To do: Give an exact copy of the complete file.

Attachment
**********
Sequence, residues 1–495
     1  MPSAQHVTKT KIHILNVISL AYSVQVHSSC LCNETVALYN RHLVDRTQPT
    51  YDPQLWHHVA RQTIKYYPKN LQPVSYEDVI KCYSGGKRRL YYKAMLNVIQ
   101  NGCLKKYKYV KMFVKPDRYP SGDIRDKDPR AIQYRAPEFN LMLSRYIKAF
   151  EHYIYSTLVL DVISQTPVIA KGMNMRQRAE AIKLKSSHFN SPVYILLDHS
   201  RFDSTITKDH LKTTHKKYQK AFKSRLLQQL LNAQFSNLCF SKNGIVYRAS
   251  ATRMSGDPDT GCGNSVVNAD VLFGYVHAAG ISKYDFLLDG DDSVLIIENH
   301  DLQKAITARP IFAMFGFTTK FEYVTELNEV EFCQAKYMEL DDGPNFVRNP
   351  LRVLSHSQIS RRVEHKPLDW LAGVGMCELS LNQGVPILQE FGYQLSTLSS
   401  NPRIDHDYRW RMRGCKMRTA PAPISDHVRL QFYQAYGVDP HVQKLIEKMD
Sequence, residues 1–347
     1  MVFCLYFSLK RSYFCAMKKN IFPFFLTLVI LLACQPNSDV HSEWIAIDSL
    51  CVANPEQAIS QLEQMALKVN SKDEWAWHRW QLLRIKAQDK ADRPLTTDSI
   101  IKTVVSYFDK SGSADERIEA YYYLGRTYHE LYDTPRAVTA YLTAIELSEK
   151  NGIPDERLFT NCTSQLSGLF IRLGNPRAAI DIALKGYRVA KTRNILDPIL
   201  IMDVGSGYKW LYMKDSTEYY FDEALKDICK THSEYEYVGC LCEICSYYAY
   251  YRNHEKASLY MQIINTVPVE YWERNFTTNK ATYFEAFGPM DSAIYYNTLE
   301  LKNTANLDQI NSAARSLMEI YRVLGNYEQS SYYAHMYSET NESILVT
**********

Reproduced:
Sequence, residues 1–495
     1  MPSAQHVTKT KIHILNVISL AYSVQVHSSC LCNETVALYN RHLVDRTQPT
    51  YDPQLWHHVA RQTIKYYPKN LQPVSYEDVI KCYSGGKRRL YYKAMLNVIQ
   101  NGCLKKYKYV KMFVKPDRYP SGDIRDKDPR AIQYRAPEFN LMLSRYIKAF
   151  EHYIYSTLVL DVISQTPVIA KGMNMRQRAE AIKLKSSHFN SPVYILLDHS
   201  RFDSTITKDH LKTTHKKYQK AFKSRLLQQL LNAQFSNLCF SKNGIVYRAS
   251  ATRMSGDPDT GCGNSVVNAD VLFGYVHAAG ISKYDFLLDG DDSVLIIENH
   301  DLQKAITARP IFAMFGFTTK FEYVTELNEV EFCQAKYMEL DDGPNFVRNP
   351  LRVLSHSQIS RRVEHKPLDW LAGVGMCELS LNQGVPILQE FGYQLSTLSS
   401  NPRIDHDYRW RMRGCKMRTA PAPISDHVRL QFYQAYGVDP HVQKLIEKMD
Sequence, residues 1–347
     1  MVFCLYFSLK RSYFCAMKKN IFPFFLTLVI LLACQPNSDV HSEWIAIDSL
    51  CVANPEQAIS QLEQMALKVN SKDEWAWHRW QLLRIKAQDK ADRPLTTDSI
   101  IKTVVSYFDK SGSADERIEA YYYLGRTYHE LYDTPRAVTA YLTAIELSEK
   151  NGIPDERLFT NCTSQLSGLF IRLGNPRAAI DIALKGYRVA KTRNILDPIL
   201  IMDVGSGYKW LYMKDSTEYY FDEALKDICK THSEYEYVGC LCEICSYYAY
   251  YRNHEKASLY MQIINTVPVE YWERNFTTNK ATYFEAFGPM DSAIYYNTLE
   301  LKNTANLDQI NSAARSLMEI YRVLGNYEQS SYYAHMYSET NESILVT